Library books located on the 3rd floor of the Johnson Center (call numbers ML-Z) are temporarily unavailable due to the roof construction work. Access to other Mason Libraries collections is not affected.
If you need the print version of a 3rd floor Johnson Center library book, use Interlibrary Loan to request it. Mason Libraries’ e-books can be located through inPrimo and the catalog. The Johnson Center roof project is expected to be completed in October.
For more information, please contact Gateway Library Service Desk, 703-993-9060, or email fencirc at gmu.edu
Mason Libraries welcomes all #Mason2019 students and families to summer orientation! Stop by and see us – and what’s in it for you! library.gmu.edu
The Fenwick Library Addition is anticipated to open in late January 2016. Library materials will start to be moved into new library space by late October. This massive project will affect all areas and items in the existing Fenwick Library. Faculty should plan ahead for fall course reserve needs and place Fall Semester 2015 reserve requests now.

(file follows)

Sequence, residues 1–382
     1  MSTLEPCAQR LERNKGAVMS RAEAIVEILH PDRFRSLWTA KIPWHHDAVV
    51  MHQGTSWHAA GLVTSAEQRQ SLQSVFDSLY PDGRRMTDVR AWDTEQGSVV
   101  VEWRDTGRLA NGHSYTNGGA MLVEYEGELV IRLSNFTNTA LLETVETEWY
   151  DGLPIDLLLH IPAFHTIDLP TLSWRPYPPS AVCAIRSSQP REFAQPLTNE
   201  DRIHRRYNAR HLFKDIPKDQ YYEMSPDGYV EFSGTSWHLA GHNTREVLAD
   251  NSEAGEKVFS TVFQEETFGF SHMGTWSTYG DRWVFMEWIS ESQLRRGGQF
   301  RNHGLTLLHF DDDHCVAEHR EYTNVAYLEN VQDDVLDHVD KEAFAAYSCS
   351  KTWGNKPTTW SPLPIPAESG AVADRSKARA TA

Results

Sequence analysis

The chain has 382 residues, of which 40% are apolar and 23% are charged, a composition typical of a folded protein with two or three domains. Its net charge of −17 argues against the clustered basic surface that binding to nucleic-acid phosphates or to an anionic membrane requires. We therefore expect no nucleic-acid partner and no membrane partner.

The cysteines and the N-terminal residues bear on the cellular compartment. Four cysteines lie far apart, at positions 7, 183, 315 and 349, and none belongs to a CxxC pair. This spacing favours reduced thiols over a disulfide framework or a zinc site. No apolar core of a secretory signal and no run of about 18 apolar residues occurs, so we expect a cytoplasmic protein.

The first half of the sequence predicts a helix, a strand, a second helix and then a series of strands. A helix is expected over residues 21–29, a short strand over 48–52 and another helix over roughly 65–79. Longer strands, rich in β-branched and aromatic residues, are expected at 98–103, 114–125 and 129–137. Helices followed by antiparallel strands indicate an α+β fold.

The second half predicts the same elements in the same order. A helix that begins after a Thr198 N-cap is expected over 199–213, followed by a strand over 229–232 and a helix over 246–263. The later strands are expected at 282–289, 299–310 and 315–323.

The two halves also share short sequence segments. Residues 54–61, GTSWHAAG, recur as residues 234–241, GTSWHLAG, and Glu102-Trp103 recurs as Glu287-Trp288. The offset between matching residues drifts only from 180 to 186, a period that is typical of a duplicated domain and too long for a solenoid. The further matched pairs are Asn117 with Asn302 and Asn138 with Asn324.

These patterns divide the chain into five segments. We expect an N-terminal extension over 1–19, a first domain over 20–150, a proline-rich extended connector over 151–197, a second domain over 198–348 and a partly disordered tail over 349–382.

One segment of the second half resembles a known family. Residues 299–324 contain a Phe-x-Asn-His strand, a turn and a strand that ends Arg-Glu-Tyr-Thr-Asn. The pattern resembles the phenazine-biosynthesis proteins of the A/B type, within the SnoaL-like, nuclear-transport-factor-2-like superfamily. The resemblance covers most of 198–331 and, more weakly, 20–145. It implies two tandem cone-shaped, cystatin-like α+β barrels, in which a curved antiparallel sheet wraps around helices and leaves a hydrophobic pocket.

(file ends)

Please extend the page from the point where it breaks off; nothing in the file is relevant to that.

For more information, please contact Laura Ramos, lramos8 @gmu.edu, 703-933-3493.
Suburbs are residential or mixed-use areas, either existing as outlying parts of cities or urban areas or as separate residential communities within commuting distance of a city.
Suburbs first developed on a large scale in the 19th and 20th centuries as a result of improved rail and road infrastructure. With the advent of the suburb, commuting took root – traveling by a mode of transport (train, trolley, automobile, boat, etc.) to and from a place of employment. In general, suburbs have lower population densities than inner city neighborhoods, and most of their residents commute to cities.
Exploring Suburbia: Housing and Transportation features materials housed in Special Collections & Archives. The exhibition looks at four areas with regard to the rise of suburbia: the effects of advances in transportation; federal government support of suburbs; standardization of construction and materials, and the backlash against the suburban model of stripping the land and building identical houses all in rows. The exhibit is now on display in Fenwick Library, Floor 2, Wing A.